11        for(String s=br.readLine();s != null;s=br.readLine())
12            pw.println(s);
13 
14        pw.close(); // finishes writing output. Without this,
15            // maybe nothing will happen!
16    }
17}
$ javac Copy.java
$ java Copy Copy.java xxx.txt
$ java ReadMe2 xxx.txt
import java.io.*;
 
public class Copy {
    public static void main(String[] args) throws IOException {
        FileReader fr = new FileReader(args[0]);
        BufferedReader br = new BufferedReader(fr);
 
        FileWriter fw = new FileWriter(args[1]);
        BufferedWriter bw = new BufferedWriter(fw);
        PrintWriter pw = new PrintWriter(bw);
        for(String s=br.readLine();s != null;s=br.readLine())
            pw.println(s);
 
        pw.close(); // finishes writing output. Without this,
            // maybe nothing will happen!
    }
}

Now for the coolest most useful trick ever....

Cool.java
1import java.io.*;
2 
3public class Cool implements Serializable {
4    String name;
5    int value;
6 
7    Cool(String name,int value) {
8        this.name = name;
9        this.value = value;
10    }
11 
12    // Save this object to a file
13    public void saveMe(String file) throws IOExceptionClassNotFoundException {
14        FileOutputStream fout = new FileOutputStream(file);
15        BufferedOutputStream bout = new BufferedOutputStream(fout);
16        ObjectOutputStream oout = new ObjectOutputStream(bout);
17        oout.writeObject(this);
18        oout.close();
19    }
20 
21    // Load this object from a file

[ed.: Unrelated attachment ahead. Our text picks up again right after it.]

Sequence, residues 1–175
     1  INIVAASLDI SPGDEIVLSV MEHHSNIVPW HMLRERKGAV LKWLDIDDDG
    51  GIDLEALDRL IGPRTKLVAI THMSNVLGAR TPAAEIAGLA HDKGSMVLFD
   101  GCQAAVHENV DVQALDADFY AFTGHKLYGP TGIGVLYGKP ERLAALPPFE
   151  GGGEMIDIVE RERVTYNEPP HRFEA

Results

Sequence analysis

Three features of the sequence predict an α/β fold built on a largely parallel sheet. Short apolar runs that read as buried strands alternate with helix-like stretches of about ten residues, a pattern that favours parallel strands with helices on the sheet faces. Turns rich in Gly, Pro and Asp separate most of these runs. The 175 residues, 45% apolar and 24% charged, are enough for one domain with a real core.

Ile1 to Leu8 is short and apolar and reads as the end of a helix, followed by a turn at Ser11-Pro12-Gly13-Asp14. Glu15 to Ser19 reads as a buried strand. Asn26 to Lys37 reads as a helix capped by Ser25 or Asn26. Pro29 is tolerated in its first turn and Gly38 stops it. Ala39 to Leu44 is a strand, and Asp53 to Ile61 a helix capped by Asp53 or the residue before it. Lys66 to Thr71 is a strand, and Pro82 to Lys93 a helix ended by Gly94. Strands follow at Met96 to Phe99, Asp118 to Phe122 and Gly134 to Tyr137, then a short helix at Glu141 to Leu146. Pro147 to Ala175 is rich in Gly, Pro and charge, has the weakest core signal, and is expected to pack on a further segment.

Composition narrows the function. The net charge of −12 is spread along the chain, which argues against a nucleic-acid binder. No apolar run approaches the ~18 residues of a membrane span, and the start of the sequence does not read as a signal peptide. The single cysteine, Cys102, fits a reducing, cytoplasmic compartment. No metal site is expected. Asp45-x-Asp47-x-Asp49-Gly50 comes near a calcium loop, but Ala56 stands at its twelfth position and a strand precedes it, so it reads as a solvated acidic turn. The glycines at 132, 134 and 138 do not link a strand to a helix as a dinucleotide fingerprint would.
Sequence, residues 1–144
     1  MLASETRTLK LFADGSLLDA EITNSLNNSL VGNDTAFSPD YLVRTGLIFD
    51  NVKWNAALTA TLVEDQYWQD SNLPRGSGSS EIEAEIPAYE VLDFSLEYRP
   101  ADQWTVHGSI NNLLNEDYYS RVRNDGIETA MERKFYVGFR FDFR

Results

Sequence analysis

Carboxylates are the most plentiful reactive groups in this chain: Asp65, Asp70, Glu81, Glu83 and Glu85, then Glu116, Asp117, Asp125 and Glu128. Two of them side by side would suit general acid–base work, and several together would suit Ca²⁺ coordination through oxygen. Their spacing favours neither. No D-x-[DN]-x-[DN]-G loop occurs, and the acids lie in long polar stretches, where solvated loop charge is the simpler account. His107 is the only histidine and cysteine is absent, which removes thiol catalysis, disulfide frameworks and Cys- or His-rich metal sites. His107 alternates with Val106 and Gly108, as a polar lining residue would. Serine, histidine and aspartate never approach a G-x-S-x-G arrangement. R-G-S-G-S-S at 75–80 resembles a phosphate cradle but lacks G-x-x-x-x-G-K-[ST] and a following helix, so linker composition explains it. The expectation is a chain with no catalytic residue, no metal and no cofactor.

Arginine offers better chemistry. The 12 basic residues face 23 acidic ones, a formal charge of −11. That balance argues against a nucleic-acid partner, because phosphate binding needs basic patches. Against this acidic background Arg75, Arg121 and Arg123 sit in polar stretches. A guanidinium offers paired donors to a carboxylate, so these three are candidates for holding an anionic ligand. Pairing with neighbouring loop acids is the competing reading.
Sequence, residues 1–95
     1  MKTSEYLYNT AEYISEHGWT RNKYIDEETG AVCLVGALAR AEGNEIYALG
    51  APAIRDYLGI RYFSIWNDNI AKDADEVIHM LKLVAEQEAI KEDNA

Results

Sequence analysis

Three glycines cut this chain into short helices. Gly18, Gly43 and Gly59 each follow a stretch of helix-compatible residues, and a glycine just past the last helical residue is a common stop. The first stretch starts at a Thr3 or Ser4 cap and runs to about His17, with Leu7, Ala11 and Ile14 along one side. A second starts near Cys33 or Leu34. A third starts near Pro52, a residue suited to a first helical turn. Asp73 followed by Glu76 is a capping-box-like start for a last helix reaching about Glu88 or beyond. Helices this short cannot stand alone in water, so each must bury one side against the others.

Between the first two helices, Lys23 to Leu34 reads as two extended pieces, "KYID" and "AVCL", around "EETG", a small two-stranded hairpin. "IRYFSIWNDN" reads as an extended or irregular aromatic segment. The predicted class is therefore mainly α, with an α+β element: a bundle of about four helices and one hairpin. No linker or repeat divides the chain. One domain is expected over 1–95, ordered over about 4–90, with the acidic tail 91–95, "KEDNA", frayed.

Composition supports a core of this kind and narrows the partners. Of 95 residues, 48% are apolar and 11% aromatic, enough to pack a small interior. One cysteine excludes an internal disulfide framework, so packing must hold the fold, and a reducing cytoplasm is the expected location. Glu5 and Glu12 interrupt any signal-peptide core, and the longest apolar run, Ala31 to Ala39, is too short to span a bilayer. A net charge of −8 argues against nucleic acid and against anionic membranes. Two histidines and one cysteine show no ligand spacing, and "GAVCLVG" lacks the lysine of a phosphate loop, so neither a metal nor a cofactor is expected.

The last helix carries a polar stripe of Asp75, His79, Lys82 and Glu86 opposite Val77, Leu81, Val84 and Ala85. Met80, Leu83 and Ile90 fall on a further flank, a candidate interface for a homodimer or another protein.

22    public static Cool loadMe(String file) throws IOExceptionClassNotFoundException {
23        FileInputStream fin = new FileInputStream(file);
24        BufferedInputStream bin = new BufferedInputStream(fin);
25        ObjectInputStream oin = new ObjectInputStream(bin);
26        Object o = oin.readObject();
27        oin.close();
28        return (Cool)o;
29    }
30 
31    public static void main(String[] args) throws Exception {
32        String file = "cool.jo";
33        Cool c = new Cool("Coolio",44);
34        c.saveMe(file);
35        Cool c2 = Cool.loadMe(file);
36        System.out.println(c2.name+"/"+c2.value);
37    }
38}
$ javac Cool.java
$ java Cool
Coolio/44
  1. InputStream/OutputStream - These are older methods of doing I/O that are based on streams of bytes rather than characters.
  2. implements Serializable - An interface. More on that in a later lesson.
  3. ObjectOutputStream - Turns any Serializable object into a stream of bytes.
  4. ObjectInputStream - Takes a stream of appropriately formatted bytes and turns it into an object.
ReadInput.java
1import java.io.*;
2 
3public class ReadInput {
4    public static void main(String[] args) throws IOException {
5        // Input comes from a byte stream, tell java how
6        // how characters are encoded and make a reader
7        InputStreamReader isr = new InputStreamReader(System.in,"ASCII");
8        BufferedReader br = new BufferedReader(isr);
9        System.out.print("input: ");
10        System.out.println(br.readLine());
11    }
12}
$ javac ReadInput.java
$ echo hello world | java ReadInput
input: hello world